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Newsflash: I am not a ballerina. It’s not because I didn’t want to be, and it’s certainly not because of Mrs Perry. She is one of the few teachers I remember from my time at school.
She was always warm and bubbly, and although I could never place her age, she brimmed with the energy of a 20-something, belied only by the grey streak through her short, dark hair.
I never felt completely comfortable at school, but Mrs Perry made me feel special. In modern parlance, “she saw me”. She nurtured my love of dancing, made me feel like I had a gift and appointed me Vice Dance Captain. I realise now it was more for my enthusiasm than my talent.
While I never managed to pirouette at the Bolshoi Theatre, Mrs Perry gave me more than just the joy of dance, she helped me to believe in myself.
Someone else who took me under their experienced wing was my first news boss, Mr Nic Nolan. Nic allowed me to come into 92.9 radio station in Perth for work experience. I went in most mornings and sometimes even on the weekends.
He was the breakfast news anchor and could have easily been “too busy” to pay attention to a 19-year-old journalism student, but he’d read my practice scripts, sometimes even using them for his own bulletins – which left me feeling rather chuffed.
He didn’t once make me feel like a nuisance, even though I felt like one. In fact, he lit a fire inside of me.
I was in the newsroom on a Saturday morning when the newsreader fell sick. Nic asked me to read the rest of the day’s bulletins.
I nearly vomited. “I can’t do it, I’m just the work-experience girl,” I said. And he told me that, unbeknownst to me, he had heard all of my practice newsreads over the months and knew that I was good to go.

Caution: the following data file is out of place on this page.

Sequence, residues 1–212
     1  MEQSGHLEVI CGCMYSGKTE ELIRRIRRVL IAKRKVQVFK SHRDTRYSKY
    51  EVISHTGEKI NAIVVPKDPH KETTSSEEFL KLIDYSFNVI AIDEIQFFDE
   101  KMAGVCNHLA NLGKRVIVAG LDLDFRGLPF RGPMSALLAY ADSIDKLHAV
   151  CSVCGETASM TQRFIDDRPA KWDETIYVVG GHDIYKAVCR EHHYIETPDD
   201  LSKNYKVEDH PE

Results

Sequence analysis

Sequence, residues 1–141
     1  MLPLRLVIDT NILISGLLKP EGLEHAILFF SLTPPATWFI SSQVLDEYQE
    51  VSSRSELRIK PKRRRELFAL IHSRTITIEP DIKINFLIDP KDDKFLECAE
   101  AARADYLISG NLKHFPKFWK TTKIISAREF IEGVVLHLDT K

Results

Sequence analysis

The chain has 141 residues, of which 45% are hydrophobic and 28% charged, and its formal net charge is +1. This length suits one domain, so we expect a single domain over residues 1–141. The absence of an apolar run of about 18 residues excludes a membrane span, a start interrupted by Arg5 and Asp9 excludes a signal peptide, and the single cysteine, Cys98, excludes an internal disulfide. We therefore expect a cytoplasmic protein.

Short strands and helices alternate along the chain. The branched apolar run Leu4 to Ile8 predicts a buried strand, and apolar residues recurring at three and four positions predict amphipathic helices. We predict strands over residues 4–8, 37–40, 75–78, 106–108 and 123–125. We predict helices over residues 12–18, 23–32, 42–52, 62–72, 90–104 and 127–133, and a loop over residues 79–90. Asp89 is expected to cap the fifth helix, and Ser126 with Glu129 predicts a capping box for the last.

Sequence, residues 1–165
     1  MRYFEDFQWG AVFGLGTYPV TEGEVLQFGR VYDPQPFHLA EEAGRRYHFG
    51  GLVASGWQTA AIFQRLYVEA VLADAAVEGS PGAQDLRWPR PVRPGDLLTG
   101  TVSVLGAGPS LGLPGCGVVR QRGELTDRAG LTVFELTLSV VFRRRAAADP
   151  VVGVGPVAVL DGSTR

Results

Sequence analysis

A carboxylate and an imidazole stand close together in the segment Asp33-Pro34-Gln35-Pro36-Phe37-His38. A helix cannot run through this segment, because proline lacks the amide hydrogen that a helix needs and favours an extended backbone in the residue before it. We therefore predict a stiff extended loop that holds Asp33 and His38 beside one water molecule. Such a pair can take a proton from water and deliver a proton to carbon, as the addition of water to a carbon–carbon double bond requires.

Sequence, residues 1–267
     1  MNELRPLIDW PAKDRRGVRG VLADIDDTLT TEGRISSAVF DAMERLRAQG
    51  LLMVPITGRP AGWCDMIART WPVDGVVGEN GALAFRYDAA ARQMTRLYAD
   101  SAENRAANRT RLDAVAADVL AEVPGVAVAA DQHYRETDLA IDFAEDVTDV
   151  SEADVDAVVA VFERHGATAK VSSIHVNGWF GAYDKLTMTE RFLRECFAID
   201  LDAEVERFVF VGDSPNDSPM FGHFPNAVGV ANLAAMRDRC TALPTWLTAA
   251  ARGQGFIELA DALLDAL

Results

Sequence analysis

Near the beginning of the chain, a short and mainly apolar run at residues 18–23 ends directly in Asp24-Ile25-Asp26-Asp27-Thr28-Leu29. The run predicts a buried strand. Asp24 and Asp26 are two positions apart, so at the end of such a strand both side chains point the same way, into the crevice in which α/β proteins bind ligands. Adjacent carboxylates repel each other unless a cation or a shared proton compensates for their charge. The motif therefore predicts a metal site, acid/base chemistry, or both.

He saw something in me. God knows what, because I’ve listened back to some of those early bulletins and the anxiety lodged in my throat made me sound like a chipmunk in fast forward. I didn’t breathe for the full 90 seconds.
Nonetheless, the next day he offered me a full-time gig and so my career began. He held my hand as I navigated the 9/11 attacks – my first major news event to cover – and eventually encouraged me to chase my dreams interstate.
We all need that person who singles us out from obscurity, believes in us and fights for us.
Sometimes it will just be their guiding hand, other times the attention can change our lives.
Todd Sampson credits a teacher called Mr Risk for doing the latter.
Growing up in Nova Scotia, Canada, in a working-class family, Todd was a deviant kid who took pride in flunking school.
Mr Risk saw something in him that Todd didn’t see in himself, and made Todd sit an IQ test; the results led him into a scholarship at a college and changed the trajectory of his life.
One teacher having faith in you can open the door to a whole new world. I called my old radio boss recently to thank him for believing in me. He was as kind as I remember. Watching my life unfold seemed to be as rewarding for him as it has been for me.